Women with HIV, including those taking ARVs, can use almost all contraceptive methods safely and effectively, In 2012, the World Health Organization (WHO) held a technical consultation to review studies of the use of hormonal contraception and whether it increases risk of HIV acquisition and transmission. A thorough review of the evidence and study designs led the WHO to retain its position that women with HIV can safely use hormonal contraception, with the new recommendation that women at high risk of HIV who choose progestin-only injectable contraceptives should also use condoms and other HIV-preventive measures.
IV. Current Status of Implementation Experience
Although integrated FP/HIV services are scaling up globally, a number of obstacles continue to impede this process. These include separate funding streams for FP and HIV programming, the vertical organization of health ministries and service facilities, and a lack of evidence for the effectiveness of integrated service delivery models. A publication by the WHO, USAID, and FHI 360 provides program planners, implementers, and managers with strategic considerations for implementing or strengthening integrated FP/HIV services.
The global health community, including the U.S. Government's Global Health Initiative, encourages investigation and expansion of promising approaches to service integration and delivery. The Country Operational Plan guidance issued by the President's Emergency Plan for AIDS Relief (PEPFAR) encourages country teams to consider co-locating FP and HIV services, particularly at the primary health care level. PEPFAR encourages the programs it supports to train health workers to deliver an enhanced package of maternal, newborn, and child health services, including FP, for women living with HIV.
The United States Agency for International Development-Academic Model Providing Access to Healthcare (AMPATH) Partnership in Kenya assessed a pilot program intended to increase the use of family planning methods among HIV-positive women. The study sought to measure the differences between routine care (RC) and an integrated family planning services (IFP) model to determine the impact of the additional FP services in HIV care on the use of modern contraceptive methods and pregnancy rates. The AMPATH site was located in a hospital in Eldoret, Kenya, where more than 17,000 adult patients were receiving HIV care. In RC, two groups of patients, totaling 2578, received FP services that included condom counseling and condom availability as a means to reduce HIV transmission. In IFP, one group of patients, totaling 1453, were provided the RC in addition to visiting a reproductive health room staff by experienced nurses to obtain FP services. It was found that in the IFP group that the incidence of new condom use increased (16.7 percent; P < 0.001), the incidence of use of new FP methods including condoms increased (12.9 percent; P < 0.001), and the incidence of new FP use excluding condoms decreased (3.8 percent; P < 0.001). There was no statistical difference in the number of new pregnancies in the IFP group (0.1 percent; P = 0.9). The results of the attributable risk of the incidence rate per 100-person-years of IFP and RC followed similar trends. The study demonstrates how an IFP model can be successful in HIV care sites.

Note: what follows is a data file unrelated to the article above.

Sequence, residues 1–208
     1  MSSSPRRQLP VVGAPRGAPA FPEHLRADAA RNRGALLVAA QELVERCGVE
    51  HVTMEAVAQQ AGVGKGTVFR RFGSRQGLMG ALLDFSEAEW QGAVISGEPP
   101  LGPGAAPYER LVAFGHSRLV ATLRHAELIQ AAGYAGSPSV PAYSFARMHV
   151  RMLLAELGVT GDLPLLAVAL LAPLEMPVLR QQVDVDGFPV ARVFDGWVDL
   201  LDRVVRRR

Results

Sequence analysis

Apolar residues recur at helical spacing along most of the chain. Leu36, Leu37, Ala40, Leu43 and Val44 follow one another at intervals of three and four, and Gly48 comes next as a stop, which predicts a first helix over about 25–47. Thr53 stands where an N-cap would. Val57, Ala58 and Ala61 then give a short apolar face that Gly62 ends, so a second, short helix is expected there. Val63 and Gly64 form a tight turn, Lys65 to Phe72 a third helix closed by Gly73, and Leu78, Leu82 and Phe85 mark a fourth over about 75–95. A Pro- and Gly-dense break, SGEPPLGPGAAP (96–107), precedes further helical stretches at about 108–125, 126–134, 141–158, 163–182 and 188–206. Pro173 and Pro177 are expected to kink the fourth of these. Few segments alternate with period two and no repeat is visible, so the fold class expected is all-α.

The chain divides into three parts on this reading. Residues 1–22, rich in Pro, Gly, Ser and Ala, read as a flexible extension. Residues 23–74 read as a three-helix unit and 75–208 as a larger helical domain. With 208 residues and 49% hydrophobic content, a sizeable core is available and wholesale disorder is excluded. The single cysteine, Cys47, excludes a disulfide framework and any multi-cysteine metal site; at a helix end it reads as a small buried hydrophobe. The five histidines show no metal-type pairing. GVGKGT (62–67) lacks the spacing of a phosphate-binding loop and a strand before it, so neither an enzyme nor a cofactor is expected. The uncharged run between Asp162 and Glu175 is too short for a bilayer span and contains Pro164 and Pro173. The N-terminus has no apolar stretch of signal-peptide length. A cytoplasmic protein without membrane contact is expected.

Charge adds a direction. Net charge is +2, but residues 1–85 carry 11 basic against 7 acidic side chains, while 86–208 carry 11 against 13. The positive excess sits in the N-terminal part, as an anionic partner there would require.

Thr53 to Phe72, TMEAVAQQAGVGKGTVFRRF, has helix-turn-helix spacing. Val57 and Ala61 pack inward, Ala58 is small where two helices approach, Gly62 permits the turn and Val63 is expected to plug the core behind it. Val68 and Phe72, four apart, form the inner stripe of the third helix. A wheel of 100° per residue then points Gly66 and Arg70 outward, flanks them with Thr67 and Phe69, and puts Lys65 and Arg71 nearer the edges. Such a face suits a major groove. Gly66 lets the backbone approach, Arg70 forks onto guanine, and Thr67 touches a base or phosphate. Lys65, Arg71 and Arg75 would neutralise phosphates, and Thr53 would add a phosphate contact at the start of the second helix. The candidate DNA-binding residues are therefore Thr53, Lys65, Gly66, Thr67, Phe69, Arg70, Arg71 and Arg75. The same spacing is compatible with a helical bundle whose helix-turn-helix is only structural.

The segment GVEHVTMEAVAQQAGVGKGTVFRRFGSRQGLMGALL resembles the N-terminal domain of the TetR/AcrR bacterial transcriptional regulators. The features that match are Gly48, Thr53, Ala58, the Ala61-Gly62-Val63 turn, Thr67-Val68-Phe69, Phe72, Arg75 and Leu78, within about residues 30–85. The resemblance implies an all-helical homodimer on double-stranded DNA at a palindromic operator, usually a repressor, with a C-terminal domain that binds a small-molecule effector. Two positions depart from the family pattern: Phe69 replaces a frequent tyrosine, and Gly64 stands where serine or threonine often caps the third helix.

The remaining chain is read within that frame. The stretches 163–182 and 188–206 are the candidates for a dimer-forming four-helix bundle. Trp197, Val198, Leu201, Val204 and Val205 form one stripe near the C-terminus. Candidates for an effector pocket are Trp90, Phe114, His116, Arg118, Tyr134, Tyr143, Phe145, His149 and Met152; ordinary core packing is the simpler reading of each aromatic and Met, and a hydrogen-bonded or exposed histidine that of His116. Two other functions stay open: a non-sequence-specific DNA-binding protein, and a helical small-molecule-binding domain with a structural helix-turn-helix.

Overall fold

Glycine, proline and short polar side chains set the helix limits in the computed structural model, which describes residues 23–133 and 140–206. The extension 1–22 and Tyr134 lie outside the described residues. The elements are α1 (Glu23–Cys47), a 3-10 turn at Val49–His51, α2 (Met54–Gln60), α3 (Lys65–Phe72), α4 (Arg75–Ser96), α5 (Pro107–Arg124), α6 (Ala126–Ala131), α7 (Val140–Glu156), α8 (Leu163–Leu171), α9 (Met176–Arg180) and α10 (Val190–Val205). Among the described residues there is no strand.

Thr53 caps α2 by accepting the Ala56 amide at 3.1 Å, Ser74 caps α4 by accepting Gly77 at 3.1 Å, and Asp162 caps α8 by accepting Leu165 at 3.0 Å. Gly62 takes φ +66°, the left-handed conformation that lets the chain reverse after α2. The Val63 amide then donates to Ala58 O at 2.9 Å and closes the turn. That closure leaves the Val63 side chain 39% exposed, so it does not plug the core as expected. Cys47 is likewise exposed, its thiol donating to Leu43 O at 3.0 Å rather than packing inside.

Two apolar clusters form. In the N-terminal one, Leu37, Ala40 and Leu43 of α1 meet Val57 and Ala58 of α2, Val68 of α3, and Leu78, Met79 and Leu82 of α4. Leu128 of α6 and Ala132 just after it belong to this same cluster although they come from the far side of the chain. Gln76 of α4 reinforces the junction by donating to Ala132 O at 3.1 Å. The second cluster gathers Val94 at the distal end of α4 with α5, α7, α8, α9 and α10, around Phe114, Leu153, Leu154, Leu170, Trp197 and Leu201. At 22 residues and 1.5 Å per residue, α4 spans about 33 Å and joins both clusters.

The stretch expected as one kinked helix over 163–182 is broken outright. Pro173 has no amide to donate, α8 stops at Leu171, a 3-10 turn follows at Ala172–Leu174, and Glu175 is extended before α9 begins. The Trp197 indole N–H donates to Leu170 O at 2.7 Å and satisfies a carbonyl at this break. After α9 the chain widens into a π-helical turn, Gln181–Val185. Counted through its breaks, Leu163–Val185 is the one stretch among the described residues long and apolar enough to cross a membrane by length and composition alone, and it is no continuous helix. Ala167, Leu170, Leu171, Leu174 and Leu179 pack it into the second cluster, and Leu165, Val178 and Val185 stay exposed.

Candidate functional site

The study aimed to increase the use of modern family planning (FP) methods among HIV serodiscordant and HIV seroconcordant couples in Zambia. Data for the study came from a cohort of 1502 couples who were recruited through couples voluntary counseling and testing (CVCT) clinics, and then enrolled in a randomized controlled trail. There were four arms to the study. The methods group viewed one video that provided information on modern contraceptives. The motivational group viewed the second video that demonstrated positive future planning behaviors such as will preparation and pregnancy prevention. The third group viewed both videos. The control group watched a video on other healthy behaviors. Counselors were available after the groups watched the videos to answer any questions. Couples were given the opportunity to initiate, add, or change their modern contraceptive method free of charge. It was found that at baseline only 21.5 percent of couples reported use of a modern FP method. After the intervention, 1407 couples chose a new method or wanted to continue their current method. The most popular methods among new users were injectables (40.7 percent) and oral contraceptive pills (OCPs) (40.5 percent). OCPs were the most popular method chosen postintervention among the 324 couples who were already using a contraceptive method at enrollment (62.7 percent) with injectables following (33 percent). It was also found that when couples switched from one method to another they most likely switched from OCP to Norplant and injectables. The study was highly successful in increasing the uptake of modern FP methods to high-risk couples.